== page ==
Plastic surgery can be used to improve airway function in patients suffering from severe nasal obstruction, a study has shown.
The procedure, which is known as functional rhinoplasty, can help to treat nasal obstructions, including septal deviation, where the wall separating the nasal passages is not correctly positioned.
In addition, the procedure can be performed to correct valve insufficiency, which is caused by cartilage problems, and turbinate hypertrophy, where swollen areas inside the nose reduce the flow of air.
Researchers at the University of Washington School of Medicine's cosmetic surgery centre analysed 41 patients with severe nasal obstruction who underwent functional rhinoplasty.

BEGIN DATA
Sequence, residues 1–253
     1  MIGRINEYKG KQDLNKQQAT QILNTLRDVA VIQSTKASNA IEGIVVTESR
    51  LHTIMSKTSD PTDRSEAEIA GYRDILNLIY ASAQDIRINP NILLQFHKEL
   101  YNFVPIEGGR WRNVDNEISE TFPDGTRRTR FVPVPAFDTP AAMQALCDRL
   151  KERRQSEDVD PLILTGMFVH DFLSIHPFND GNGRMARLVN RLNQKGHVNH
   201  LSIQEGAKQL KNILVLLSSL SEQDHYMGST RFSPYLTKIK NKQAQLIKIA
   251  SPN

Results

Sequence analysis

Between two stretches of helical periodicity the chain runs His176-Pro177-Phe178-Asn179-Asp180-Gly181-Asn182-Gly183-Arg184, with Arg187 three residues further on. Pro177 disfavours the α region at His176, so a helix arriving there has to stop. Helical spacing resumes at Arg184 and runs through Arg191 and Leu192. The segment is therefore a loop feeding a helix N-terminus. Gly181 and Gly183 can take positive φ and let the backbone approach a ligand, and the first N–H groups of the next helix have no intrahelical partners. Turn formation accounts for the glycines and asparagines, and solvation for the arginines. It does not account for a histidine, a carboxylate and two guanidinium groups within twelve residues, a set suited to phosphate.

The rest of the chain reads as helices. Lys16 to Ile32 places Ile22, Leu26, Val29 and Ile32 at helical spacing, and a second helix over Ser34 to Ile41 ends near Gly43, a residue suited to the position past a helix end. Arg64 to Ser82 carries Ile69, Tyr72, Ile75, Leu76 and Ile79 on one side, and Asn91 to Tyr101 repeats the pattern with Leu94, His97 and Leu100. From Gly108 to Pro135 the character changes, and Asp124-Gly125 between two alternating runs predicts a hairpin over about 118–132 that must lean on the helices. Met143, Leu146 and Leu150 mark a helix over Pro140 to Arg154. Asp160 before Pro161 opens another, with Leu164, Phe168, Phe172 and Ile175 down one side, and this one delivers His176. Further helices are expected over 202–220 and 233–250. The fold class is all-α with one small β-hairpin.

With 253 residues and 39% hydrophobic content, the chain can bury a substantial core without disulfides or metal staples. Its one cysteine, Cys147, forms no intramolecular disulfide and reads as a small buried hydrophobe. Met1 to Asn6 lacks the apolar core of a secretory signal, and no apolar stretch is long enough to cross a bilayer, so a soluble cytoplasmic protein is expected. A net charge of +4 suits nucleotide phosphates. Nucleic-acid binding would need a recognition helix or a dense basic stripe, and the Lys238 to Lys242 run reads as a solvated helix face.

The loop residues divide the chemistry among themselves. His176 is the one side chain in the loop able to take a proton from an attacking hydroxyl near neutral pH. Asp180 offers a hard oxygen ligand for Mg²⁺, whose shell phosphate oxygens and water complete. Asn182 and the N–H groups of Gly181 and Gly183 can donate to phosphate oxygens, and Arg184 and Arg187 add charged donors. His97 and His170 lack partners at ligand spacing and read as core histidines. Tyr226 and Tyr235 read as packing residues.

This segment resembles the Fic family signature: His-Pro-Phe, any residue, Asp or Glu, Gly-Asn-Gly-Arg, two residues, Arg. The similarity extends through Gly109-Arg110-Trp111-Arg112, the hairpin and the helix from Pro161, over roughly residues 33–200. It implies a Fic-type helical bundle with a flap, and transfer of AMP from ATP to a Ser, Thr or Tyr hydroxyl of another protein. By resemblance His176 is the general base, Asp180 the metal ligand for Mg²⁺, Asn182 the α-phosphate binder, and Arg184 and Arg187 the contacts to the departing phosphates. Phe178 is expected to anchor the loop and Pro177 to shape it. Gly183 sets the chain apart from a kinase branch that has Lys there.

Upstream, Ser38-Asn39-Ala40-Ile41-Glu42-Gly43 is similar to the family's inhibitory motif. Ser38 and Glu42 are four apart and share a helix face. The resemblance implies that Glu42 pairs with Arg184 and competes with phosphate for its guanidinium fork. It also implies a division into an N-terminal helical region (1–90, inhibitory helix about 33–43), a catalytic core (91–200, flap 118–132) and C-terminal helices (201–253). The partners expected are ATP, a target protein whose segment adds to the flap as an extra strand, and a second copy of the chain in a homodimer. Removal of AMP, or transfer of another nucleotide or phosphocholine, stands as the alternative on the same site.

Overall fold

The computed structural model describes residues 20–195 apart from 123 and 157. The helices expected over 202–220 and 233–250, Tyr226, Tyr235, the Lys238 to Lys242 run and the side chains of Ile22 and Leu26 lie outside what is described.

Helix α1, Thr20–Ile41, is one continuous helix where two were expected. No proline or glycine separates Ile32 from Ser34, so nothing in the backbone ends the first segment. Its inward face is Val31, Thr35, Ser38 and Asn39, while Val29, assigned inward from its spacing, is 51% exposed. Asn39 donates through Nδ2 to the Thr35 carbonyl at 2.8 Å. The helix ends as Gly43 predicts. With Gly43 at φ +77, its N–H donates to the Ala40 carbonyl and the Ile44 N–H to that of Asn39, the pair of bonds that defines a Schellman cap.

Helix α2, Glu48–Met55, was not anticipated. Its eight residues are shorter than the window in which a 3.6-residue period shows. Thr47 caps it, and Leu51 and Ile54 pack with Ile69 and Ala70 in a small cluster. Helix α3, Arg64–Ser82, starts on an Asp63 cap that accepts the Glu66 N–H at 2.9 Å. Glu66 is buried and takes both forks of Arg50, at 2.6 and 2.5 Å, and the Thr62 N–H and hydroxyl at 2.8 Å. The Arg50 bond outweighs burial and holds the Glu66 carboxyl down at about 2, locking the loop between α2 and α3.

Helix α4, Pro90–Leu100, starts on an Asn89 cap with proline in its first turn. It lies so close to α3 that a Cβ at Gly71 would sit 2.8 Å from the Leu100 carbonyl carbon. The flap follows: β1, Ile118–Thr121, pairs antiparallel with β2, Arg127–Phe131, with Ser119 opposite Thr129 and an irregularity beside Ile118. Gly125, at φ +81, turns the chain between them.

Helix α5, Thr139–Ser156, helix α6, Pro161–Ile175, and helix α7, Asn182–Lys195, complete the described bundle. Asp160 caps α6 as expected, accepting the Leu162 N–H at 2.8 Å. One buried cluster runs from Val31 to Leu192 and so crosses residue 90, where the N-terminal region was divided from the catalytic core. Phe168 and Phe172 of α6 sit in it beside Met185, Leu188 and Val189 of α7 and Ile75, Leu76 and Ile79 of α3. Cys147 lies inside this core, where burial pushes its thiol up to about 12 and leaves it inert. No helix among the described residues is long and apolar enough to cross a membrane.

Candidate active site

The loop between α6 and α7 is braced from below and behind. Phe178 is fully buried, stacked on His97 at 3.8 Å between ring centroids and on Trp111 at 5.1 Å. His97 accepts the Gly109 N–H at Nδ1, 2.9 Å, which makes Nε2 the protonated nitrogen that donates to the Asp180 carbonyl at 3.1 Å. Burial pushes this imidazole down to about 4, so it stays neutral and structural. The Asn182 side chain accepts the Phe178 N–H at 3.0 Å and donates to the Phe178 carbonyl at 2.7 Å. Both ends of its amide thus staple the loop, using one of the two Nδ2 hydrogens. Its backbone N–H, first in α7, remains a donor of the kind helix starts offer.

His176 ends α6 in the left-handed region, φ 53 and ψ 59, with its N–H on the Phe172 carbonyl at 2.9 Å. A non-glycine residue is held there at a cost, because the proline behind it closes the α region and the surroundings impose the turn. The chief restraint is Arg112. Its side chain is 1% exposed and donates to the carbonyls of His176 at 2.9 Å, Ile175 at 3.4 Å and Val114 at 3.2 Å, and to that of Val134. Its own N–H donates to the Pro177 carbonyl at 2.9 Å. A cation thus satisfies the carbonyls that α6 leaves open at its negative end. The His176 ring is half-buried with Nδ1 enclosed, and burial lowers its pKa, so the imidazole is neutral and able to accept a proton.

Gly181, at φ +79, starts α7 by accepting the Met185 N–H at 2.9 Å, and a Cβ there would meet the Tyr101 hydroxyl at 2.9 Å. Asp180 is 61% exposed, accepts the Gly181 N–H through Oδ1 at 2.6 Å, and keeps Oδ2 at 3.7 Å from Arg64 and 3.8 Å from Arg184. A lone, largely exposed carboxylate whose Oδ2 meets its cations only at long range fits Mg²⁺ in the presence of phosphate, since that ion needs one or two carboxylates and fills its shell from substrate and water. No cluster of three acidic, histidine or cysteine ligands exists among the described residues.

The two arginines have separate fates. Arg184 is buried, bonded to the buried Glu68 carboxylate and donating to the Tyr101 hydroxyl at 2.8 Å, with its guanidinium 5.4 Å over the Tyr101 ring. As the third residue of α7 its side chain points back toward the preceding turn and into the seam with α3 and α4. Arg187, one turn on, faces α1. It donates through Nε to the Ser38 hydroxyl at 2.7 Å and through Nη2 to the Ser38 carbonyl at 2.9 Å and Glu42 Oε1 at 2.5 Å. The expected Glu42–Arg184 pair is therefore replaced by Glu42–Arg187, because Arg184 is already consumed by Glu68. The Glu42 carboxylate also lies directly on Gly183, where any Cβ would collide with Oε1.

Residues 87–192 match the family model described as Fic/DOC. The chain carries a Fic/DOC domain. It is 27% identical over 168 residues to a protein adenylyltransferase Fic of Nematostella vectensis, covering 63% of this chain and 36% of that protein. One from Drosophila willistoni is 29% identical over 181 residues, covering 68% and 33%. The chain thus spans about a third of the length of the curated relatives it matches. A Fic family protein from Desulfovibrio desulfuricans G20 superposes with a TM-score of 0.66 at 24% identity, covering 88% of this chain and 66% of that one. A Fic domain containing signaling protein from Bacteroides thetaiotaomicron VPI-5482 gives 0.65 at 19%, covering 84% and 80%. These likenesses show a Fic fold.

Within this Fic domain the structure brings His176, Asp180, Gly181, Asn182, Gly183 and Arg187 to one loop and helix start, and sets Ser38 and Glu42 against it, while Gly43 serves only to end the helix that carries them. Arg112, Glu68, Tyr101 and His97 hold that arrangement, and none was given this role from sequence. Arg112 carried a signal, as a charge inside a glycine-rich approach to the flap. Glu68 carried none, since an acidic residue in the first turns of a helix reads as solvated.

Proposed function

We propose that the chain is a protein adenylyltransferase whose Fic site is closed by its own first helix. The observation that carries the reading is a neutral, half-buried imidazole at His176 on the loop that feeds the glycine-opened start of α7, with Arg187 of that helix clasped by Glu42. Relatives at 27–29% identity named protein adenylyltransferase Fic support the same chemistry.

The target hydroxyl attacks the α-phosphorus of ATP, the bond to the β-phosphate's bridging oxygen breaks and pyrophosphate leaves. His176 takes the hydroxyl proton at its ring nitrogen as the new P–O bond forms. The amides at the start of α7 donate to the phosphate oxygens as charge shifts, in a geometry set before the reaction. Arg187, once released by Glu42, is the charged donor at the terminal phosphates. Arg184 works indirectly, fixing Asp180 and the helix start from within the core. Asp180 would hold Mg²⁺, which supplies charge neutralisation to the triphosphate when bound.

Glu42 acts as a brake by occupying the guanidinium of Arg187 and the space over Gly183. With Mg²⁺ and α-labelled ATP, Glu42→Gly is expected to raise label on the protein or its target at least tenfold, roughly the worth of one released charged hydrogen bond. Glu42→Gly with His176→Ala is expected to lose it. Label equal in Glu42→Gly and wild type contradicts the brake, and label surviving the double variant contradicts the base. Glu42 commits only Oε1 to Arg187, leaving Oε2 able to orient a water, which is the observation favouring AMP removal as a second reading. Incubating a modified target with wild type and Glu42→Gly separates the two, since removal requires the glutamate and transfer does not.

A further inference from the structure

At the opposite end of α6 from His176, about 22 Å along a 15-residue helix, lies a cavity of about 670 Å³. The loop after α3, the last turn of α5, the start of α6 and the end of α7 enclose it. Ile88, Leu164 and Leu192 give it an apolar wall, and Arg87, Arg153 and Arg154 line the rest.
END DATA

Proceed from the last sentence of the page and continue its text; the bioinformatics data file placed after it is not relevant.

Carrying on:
The patients were asked to rate the severity of their nasal obstruction on a scale of zero to 100, with 100 representing the worst cases.
After 227 days, the severity of the average patient decreased from 58.4 to 15.7, indicating a vast improvement in quality of life.
Writing in the September/October issue of the Archives of Facial Plastic Surgery, researcher Dr Sam Most concluded that "functional rhinoplasty techniques are effective in improving nasal airway function as measured by a patient-based, disease-specific, quality-of-life instrument".